Why BlackBerry’s Vision of Net Neutrality Is Impossible
BlackBerry CEO John Chen recently weighed in on the ongoing debate over net neutrality with a unique perspective on the issue. In a BlackBerry blog post that was adapted from a letter sent to various members of the U.S. Congress, Chen argued that the debate over net neutrality has incorrectly focused too much on the telecommunications carriers — or the “traffic/transport layer” of the Internet — and not enough on the “content/applications layer.”
Chen compared telecommunications carriers to the “railways of the last century,” while “content and applications providers” are analogous to the “railway cars travelling on those tracks.” He believes that regulators need to take a closer look at the discrimination by content and applications providers if the Internet is going to be truly neutral.
So how can content and applications providers be less discriminatory? For starters, Chen believes that other companies should create more services and apps for BlackBerry’s beleaguered platform. “Unlike BlackBerry, which allows iPhone users to download and use our BBM service, Apple does not allow BlackBerry or Android users to download Apple’s iMessage messaging service,” wrote Chen. “Netflix, which has forcefully advocated for carrier neutrality, has discriminated against BlackBerry customers by refusing to make its streaming movie service available to them.
“Many other applications providers similarly offer service only to iPhone and Android users. This dynamic has created a two-tiered wireless broadband ecosystem, in which iPhone and Android users are able to access far more content and applications than customers using devices running other operating systems.”
Although Chen noted that both “layers” of the Internet needed to be kept open, he agrees with many carriers’ opposition to reclassifying broadband under Title II of the Communications Act of 1934. Large Internet service providers (ISPs) like AT&T and Verizon characterized the move to reclassify broadband under Title II as overregulation that will kill jobs and investment in broadband service.
“It’s about an issue of FCC reclassifying broadband as a Title II service, and this will absolutely affect us and the industry on long-term investment in our networks,” said Verizon CFO Fran Shammo in comments posted on the company’s blog. “That can be seen factually as to what happened in the rest of the world, where you have high regulation, the networks are not invested in, they are not good quality of service networks. And that’s where this will put us.”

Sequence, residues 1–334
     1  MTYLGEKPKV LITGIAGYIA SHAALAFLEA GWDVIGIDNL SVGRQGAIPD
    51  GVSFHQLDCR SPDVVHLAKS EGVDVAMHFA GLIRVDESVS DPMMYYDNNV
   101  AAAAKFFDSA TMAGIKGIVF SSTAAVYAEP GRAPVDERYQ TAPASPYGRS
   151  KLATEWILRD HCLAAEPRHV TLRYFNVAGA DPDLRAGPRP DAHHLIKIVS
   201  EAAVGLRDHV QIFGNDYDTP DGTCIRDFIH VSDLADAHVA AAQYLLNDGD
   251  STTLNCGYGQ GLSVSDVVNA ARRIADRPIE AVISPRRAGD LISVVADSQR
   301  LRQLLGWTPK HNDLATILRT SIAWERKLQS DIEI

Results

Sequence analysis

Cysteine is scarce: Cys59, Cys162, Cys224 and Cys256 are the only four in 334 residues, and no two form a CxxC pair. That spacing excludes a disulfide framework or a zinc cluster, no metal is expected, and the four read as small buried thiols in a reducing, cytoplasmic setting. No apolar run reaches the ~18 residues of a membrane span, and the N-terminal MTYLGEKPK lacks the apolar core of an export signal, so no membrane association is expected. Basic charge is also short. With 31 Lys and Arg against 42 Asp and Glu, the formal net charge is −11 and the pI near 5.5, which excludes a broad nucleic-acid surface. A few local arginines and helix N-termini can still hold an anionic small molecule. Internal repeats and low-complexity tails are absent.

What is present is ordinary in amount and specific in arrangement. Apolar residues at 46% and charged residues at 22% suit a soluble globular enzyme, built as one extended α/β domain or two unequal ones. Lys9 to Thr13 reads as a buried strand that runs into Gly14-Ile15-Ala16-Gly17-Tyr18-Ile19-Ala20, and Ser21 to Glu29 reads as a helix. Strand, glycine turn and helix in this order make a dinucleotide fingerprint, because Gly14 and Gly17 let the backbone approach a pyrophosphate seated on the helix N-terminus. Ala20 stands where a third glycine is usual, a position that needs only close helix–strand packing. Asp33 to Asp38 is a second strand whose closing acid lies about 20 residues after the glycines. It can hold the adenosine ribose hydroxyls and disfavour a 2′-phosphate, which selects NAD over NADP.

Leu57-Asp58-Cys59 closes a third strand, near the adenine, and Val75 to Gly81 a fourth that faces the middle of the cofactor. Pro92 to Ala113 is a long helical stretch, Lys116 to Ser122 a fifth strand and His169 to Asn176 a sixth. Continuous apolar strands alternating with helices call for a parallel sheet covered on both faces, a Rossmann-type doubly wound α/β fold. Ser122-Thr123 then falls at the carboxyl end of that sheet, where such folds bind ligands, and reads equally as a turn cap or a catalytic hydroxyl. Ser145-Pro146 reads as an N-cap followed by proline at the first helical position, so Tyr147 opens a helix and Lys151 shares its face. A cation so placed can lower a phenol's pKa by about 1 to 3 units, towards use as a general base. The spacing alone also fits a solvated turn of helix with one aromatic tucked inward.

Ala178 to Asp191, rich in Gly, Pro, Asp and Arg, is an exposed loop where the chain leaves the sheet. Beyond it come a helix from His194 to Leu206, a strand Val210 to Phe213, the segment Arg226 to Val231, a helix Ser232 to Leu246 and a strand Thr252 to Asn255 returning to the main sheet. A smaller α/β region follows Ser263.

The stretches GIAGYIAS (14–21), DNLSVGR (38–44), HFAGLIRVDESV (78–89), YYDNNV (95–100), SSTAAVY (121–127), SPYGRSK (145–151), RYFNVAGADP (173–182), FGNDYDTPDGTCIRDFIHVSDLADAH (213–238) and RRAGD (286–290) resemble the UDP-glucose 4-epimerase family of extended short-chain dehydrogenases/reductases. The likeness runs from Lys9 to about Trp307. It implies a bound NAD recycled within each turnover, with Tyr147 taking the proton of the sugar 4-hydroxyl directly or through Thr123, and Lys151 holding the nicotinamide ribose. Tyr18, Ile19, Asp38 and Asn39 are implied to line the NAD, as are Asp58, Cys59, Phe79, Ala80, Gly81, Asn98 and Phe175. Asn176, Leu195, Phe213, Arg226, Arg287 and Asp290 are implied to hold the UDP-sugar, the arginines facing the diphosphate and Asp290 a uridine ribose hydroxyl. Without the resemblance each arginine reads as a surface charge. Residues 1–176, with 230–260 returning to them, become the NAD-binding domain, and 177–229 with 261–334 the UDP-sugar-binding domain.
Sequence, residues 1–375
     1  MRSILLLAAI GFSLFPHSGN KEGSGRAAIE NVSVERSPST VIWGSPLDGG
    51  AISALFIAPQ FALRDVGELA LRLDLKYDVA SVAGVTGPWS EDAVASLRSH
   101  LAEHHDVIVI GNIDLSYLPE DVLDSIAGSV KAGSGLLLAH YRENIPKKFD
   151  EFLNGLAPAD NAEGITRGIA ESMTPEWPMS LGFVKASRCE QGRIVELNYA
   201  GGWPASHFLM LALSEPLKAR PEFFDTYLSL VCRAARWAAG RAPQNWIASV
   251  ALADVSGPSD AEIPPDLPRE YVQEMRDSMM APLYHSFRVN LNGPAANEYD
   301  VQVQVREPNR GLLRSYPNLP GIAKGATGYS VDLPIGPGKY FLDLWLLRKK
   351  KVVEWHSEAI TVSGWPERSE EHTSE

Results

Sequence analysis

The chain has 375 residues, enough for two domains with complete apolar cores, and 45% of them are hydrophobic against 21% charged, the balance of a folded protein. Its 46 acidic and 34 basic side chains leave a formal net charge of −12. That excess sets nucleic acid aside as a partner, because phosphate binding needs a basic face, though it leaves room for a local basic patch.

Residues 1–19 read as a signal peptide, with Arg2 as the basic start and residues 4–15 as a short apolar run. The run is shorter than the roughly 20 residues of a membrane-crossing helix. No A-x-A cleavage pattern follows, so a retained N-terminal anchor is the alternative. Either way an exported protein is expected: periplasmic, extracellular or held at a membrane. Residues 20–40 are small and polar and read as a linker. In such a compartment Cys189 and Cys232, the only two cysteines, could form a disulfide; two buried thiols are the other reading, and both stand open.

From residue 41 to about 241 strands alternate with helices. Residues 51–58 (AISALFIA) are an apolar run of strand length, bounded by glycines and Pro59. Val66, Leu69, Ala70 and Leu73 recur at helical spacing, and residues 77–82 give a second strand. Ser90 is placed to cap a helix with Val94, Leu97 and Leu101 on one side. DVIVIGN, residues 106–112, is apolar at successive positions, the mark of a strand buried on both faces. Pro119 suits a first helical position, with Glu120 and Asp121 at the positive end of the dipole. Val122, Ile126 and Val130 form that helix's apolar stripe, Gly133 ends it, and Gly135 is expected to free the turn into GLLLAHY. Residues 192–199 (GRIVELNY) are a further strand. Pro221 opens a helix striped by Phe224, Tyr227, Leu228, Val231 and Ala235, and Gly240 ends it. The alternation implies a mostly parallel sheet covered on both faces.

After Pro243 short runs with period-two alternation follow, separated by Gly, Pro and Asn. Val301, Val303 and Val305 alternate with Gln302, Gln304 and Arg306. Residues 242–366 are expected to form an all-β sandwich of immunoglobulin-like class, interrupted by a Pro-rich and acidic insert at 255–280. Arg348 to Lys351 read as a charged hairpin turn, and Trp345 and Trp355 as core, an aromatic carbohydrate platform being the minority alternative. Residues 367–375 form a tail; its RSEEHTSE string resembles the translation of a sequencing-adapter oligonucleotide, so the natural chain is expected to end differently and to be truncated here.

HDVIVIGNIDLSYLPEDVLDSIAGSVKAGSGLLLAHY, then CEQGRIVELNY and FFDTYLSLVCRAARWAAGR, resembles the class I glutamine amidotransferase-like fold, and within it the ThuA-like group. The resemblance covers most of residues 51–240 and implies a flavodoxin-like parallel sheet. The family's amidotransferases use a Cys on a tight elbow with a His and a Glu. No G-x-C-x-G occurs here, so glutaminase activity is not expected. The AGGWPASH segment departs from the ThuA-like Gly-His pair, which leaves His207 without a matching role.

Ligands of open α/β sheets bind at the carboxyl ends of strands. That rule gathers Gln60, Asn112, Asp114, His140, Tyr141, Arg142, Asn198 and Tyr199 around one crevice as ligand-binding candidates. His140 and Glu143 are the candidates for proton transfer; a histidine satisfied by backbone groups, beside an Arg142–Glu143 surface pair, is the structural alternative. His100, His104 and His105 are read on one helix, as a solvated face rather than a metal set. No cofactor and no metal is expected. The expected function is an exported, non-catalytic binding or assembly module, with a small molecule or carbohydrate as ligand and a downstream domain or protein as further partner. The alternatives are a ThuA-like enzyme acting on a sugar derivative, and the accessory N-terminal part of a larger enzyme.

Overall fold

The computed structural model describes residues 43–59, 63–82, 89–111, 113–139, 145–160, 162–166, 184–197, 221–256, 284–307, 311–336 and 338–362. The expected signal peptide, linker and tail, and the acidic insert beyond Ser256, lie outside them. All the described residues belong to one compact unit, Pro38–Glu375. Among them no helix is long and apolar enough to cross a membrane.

On the other hand, multiple civil liberties organizations have come out in favor of Title II reclassification, as well as President Obama. Although Chen attempts to intertwine his app neutrality argument with the overall debate over net neutrality, the type of oversight that would be required to enforce his vision of a “neutral” Internet would result in a level of regulation far beyond what the ISPs think will happen under Title II. In fact, it’s hard to imagine how Chen’s idea of application and content neutrality could be enforced.
As noted by Chen, Apple does not offer its iMessage messaging service to other platforms. Presumably, like many of its programs, Apple’s iMessage service is tightly integrated with its hardware. Is Chen proposing that Apple be forced to pay any research and development expenses that are necessary in order to bring its application to BlackBerry’s platform?
While it’s easy to see the benefit that a struggling platform like BlackBerry would get from having access to the iMessage application, the move could actually help destroy Apple’s business model, since a large part of the company’s appeal is related to the tight control that it maintains over its hardware and software. In other words, why would consumers buy an iPhone if they can get all the apps and services on a cheaper BlackBerry device?
Chen’s idea of “app neutrality” becomes even more unfeasible when thinking about the number of small developers that would presumably have to abide by these regulations, as well. Most app developers create apps for the Android and iOS platforms because those are the largest and most successful mobile platforms that exist. Some developers choose to create apps for both platforms, while others opt to focus on only one due to limited resources or time. Under Chen-style regulations, these developers would be required to create apps for all existing platforms, no matter how small or unprofitable.
Even Chen’s analogy that compared content and applications providers to railway cars doesn’t appear to support his perspective on net neutrality. Since railways were once an essential and shared system for transporting goods across the country, it is fair to compare them to the equally crucial Internet.
And while it makes sense to give product creators equal access to the railway tracks/Internet, the content of the railway cars should only be determined by the demands of the market. In other words, people not buying a particular mobile company’s products is not a symptom of a lack of net neutrality — it’s a symptom of a business that is failing to appeal to consumers.
As outlined in Obama’s statement in support of reclassifying consumer broadband service under Title II regulations, net neutrality is about allowing access to (legal) content, not throttling speeds based on content or creating “slow lanes” by charging extra for certain content, as well as ensuring transparency throughout the entire process. Making sure that these basic rules are enforced will ensure that all companies have an equal opportunity to succeed or fail on their own merits. In contrast, Chen’s vision of a “neutral” Internet would only stifle innovation and create unnecessary burdens for app developers and other content creators.
Follow Nathanael on Twitter @ArnoldEtan_WSCS